Paint Yourself a Garden

It’s been a wet spring here at Commonwealth Farm making it hard to get out and assess the garden. I feel like I should be putting my energy into building an ark, but things are looking up with some dry weather on the way. What I love about this time of year, being an artist at heart, is that your garden can be considered a blank canvas waiting for you to work some magic so that by mid-summer, you can go out and sit in that favorite chair that you have strategically positioned amid the blooms and kale and meditate! Warning: if you decide to add chickens to your urban farm, they will make fast work of your kale. Once they have eaten the lower leaves, they will employ the built in pogo sticks that seem to be part of their anatomy to jump straight up to attend to the higher leaves. The first time I saw this I smiled and was amazed to see such athleticism in poultry. They go after kale like I go after doughnuts.

But back to the garden. This is that time of year to think about what you want to plant for both your visual and dining pleasure. A friend of mine once told me that my garden has a real presence. I like that. I think that gardens just evolve over the years, plants come and go and I tend to like more of a wild look. I often don’t separate flowers and vegetables, I just let them inter-mingle. It’s not unusual for me to have a row of sunflowers behind the tomatoes with beans and sweet peas using the sunflowers as a trellis, the delicate tendrils grabbing on to the sturdy stalks. Your garden is your canvas. A great painting needs a good back drop as does your garden. I let the back of my garden go wild and grow unattended with assorted shrubs, trees, and even some weeds. The birds love it and it makes me feel like I’m in a secluded woods. The second reason is that it hides the neighbor’s yard which right now is full of remnants from home improvement projects, cars that don’t start, and other paraphernalia. I suppose that those things could qualify as garden art but I prefer to choose my own. We’ll talk about that another time.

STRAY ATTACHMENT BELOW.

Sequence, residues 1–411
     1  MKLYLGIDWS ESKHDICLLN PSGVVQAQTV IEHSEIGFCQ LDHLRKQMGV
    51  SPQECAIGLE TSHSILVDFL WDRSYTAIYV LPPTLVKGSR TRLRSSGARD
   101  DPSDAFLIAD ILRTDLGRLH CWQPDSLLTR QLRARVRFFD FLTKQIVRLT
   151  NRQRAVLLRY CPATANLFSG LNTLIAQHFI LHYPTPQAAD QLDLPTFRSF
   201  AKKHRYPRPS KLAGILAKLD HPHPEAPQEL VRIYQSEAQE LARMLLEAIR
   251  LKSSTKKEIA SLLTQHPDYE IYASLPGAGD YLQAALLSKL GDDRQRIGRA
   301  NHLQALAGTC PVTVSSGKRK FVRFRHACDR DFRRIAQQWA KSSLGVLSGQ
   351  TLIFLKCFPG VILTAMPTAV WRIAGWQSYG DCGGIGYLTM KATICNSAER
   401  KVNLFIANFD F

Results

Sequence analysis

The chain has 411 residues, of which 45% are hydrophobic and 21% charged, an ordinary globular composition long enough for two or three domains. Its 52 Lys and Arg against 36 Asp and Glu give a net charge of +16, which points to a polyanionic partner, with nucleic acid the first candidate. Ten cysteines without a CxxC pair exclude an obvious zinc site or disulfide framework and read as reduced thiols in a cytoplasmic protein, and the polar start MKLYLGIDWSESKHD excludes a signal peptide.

Right now is the time to plant those cool weather crops. Every year I plant a mix of seeds and established plants. This year I sent for a catalog from Baker Creek Heirloom Seeds and ordered all kinds of things you may not find at your local greenhouse or the Home Depot Garden Center. I ordered and planted European Mesclun (a mix of small greens that originated in Provence, France) and arugula two weeks ago.  My mini-greenhouse is nurturing some exotic red and lime green zinnias, purple pole beans, and some wild, multi-colored atomic grape tomatoes. Wow! I’m going to have some crazy looking salads. Next week I will take a day or two to visit my favorite local greenhouses to buy some established plants and get them in the ground by the third week of May when the chance of frost is pretty slim.

The proprietor of Commonwealth Farm is also an aficionado of garden ornaments. They can give your garden some real personality. More about that to come. I would like to recommend an occasional garden related book from time to time. The first one I might suggest is “The Backyard Parables-Lessons on Gardens and Life” by Margaret Roach. This book is really about how the garden and the act of gardening can help you to live a full and meaningful life. A little bit of science with a dose of spirituality. Enjoy these warming days, pick your palette and get those seeds in the ground.